PHI at the Nordic Microscopy Society meeting, June 25-28
The Nordic Microscopy Society meeting in Lyngby Denmark offers several opportunities to meet with us and to hear about the latest HoloMonitor news.
PHI industrial doctoral student Sofia Kamlund has been invited to give a talk with the title “Characterizing Cancer Stem Cell Movement and Division using Digital Holographic Imaging in Combination with Fluorescence”. The presentation will be held during the session “Imaging multicellular systems, Live imaging of single cells, Correlative Light and Electron Microscopy (CLEM)”, Wednesday June 27 at 13.30-15.00. Sofia will talk about the method she and her colleagues have developed, which combines HoloMonitor® M4 with fluorescence microscopy to quantify the characteristics and behavior of cancer stem cells.
Finding the responsible – the role of cancer stem cells
In recent years the diversity of tumor cells has gained significant attention. It is now well accepted that tumor cells have different roles and characteristics, and that they may react differently to cancer therapy. Kamlund et al. recently published an article showing that sub-populations of cancer cells continue to divide rapidly after chemotherapy treatment, when conventional population data misleadingly indicate that this is not the case. Read the article here.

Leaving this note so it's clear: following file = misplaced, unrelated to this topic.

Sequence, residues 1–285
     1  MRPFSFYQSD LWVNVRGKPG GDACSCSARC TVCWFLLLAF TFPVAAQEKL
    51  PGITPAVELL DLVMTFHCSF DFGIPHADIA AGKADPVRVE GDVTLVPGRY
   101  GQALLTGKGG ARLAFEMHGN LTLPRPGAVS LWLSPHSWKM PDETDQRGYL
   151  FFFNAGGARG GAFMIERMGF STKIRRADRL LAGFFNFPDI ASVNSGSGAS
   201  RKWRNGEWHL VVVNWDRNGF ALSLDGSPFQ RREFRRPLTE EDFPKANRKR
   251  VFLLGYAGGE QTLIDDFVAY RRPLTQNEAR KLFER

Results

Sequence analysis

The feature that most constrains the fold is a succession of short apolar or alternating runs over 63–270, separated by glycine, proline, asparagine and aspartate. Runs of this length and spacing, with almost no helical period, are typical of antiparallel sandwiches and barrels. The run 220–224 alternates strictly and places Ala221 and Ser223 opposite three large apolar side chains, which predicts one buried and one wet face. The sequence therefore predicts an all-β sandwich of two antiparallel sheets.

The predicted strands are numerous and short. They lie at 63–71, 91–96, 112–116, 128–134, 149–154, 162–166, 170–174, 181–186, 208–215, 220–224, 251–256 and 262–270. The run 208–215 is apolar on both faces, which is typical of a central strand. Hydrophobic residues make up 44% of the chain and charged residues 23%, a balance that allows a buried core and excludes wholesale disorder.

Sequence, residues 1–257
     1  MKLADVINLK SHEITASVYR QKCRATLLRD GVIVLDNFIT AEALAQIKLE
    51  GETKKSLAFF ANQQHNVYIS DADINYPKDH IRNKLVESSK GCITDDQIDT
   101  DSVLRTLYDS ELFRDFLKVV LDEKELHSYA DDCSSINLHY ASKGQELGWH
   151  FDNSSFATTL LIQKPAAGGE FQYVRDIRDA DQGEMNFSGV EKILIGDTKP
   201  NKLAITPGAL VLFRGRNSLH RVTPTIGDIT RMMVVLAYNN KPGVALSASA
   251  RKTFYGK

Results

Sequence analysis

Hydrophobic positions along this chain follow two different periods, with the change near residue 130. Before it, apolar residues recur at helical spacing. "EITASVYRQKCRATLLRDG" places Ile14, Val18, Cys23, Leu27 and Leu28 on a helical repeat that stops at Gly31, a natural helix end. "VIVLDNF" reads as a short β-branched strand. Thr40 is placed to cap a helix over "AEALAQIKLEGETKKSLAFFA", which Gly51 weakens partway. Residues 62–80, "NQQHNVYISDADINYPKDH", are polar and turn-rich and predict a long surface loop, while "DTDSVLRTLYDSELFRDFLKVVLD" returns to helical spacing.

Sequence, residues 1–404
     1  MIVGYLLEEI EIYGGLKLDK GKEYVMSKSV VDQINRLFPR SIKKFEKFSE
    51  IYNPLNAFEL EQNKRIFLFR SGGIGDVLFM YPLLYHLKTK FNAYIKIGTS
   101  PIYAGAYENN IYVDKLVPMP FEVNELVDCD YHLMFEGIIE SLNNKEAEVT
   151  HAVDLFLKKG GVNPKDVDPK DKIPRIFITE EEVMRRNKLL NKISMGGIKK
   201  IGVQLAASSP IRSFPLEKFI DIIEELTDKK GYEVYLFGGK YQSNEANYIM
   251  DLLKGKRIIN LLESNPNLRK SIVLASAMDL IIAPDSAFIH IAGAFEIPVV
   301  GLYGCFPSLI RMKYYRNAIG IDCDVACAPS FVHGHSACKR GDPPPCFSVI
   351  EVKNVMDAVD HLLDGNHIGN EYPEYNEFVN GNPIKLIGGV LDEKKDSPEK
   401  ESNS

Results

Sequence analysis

In the expanded work to be presented, cancer stem cells were explicitly studied. Cancer stem cells are of particular interest since they are believed to induce tumor growth and metastasis. Using a combination of holographic and fluorescence microscopy, Sofia and her colleagues identified and tracked cancer stem cells in a cancer cell population. This allowed them to quantify how individual cancer stem cells respond to chemotherapy treatment over time.
The method developed by Sofia and colleagues allow researchers to study the effect of drug treatments on sub-populations of cancer cells. Such novel methods are urgently needed, as they enable cancer researchers to develop improved therapies that specifically target the tumor cells that are responsible for the progression and spreading of cancer.
PHI’s second industrial doctoral student, Louise Stenbaeck, will present a poster with the title “Macrophage-uptake of sialic acid-targeted molecularly imprinted polymers”.
You can view her poster and meet Louise during the session “Image and Data analysis”, Tuesday June 26 at 17.00-19.00. Louise participates in a large EU-project aiming to develop molecularly imprinted polymers (synthetic antibodies) to clinically diagnose the most common cancer forms in a much earlier stage than what is possible today. Read more about the GlycoImaging project here.